Karma in Nepal, November 2011 (Tibet Times Photo)
DHARAMSHALA, August 20: The largest pro independence group of the Tibetan diaspora has urged the government of Nepal to release the body of the Tibetan monk Karma Nyedon Gyatso, who died on August 6 after setting himself on fire near the Buddhist landmark Boudhanath temple in Kathmandu.
Karma Nyedon Gyatso, 38 year old monk from Damshung, near Lhasa in Tibet had arrived at the Kathmandu Tibetan Refugee Reception Centre on 30th January 2011. He was disabled with paralysis and used two wooden blocks for mobility.
charred remains of Karma, August 6, 2013
The Tibetan Youth Congress, a major Tibetan NGO headquartered here, appealed the government of Nepal to act on “principles and values that the people of Nepal uphold.”
“We urge the Nepalese Government to either hand over the body to the Tibetan community in Kathmandu or arrange for the correct funeral rituals according to Buddhist tradition,” said TYC President Tenzing Jigme who took over the reins from Tsewang Rinzin in June.
TYC said it has received information that the body of the disabled Tibetan monk who died in the fiery protest is still in the custody of the Nepalese Police.
These banners were seen around Boudhanath temple in February, 2013.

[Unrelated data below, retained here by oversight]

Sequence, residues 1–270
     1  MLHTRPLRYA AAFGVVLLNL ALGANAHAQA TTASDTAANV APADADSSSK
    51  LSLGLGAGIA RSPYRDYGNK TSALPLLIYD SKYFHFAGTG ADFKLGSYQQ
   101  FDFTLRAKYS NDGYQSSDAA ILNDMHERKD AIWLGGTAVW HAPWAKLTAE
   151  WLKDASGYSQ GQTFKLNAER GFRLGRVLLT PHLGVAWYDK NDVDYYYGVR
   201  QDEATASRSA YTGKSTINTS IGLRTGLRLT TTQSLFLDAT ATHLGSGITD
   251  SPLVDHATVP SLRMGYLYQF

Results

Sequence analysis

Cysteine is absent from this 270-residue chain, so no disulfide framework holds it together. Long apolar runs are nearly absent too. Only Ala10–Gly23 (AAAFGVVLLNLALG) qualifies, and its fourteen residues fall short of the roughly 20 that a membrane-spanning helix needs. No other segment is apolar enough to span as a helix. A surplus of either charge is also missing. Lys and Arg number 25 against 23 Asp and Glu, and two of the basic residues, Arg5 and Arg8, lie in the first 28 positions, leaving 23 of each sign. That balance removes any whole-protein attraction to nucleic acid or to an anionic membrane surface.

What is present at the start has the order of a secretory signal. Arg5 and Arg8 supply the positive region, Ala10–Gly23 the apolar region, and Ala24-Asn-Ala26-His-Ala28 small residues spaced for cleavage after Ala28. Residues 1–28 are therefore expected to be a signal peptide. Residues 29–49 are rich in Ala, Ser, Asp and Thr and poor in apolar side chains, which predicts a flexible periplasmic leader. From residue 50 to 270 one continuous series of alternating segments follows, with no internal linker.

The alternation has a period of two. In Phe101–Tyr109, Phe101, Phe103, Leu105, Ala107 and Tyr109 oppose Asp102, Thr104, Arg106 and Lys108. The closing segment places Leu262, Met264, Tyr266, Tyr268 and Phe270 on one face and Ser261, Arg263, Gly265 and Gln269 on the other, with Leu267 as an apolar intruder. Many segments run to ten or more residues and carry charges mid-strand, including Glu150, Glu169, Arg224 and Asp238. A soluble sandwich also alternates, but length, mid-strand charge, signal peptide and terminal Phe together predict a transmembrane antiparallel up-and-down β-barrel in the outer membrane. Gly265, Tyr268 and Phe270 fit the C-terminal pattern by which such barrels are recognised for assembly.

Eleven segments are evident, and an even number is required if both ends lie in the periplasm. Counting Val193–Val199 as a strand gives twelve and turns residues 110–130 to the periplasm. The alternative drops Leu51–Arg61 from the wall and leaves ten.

Nepal, which has come under strong criticism for its handling of Tibetan refugees secretly cremated the body of Drupchen Tsering, who died after setting himself on fire Kathmandu on February 13 earlier this year. Nepal declared him 'unclaimed' despite appeals from Tibetans to handover his body for Buddhist funeral rites. Banners under the name of “Locals and Youth of Boudha” have appeared near the protest site, warning that such acts will “make life even harder” for Tibetans.
Calling the self-immolation a “hideous and sinful” act motivated by “dirty politics,” the banner announces: “No more Free Tibet in our holy land.”
“The soul of the victim will rot in hell … You want blood, we give you war,” further reads the banner.
TYC Vice-President Tamdin Hrichoe said, “We hope that Nepal will do the right thing this time. Gyatso deserves the right to be cremated with respect and dignity.”
In 2010, Nepal disrupted Tibetan elections by confiscating ballot boxes containing thousands of ballots just an hour before the polls were due to be closed.
Nepal, which is home to some 20,000 Tibetans, has accommodated Tibetan exiles for decades, but has come under increasing pressure from China, a major donor for the impoverished country, to crack down on the political protests.
The TYC has also sent letters to Embassy of Nepal and Consulates in New Delhi, Washington DC, New York, San Francisco and various Human Rights groups.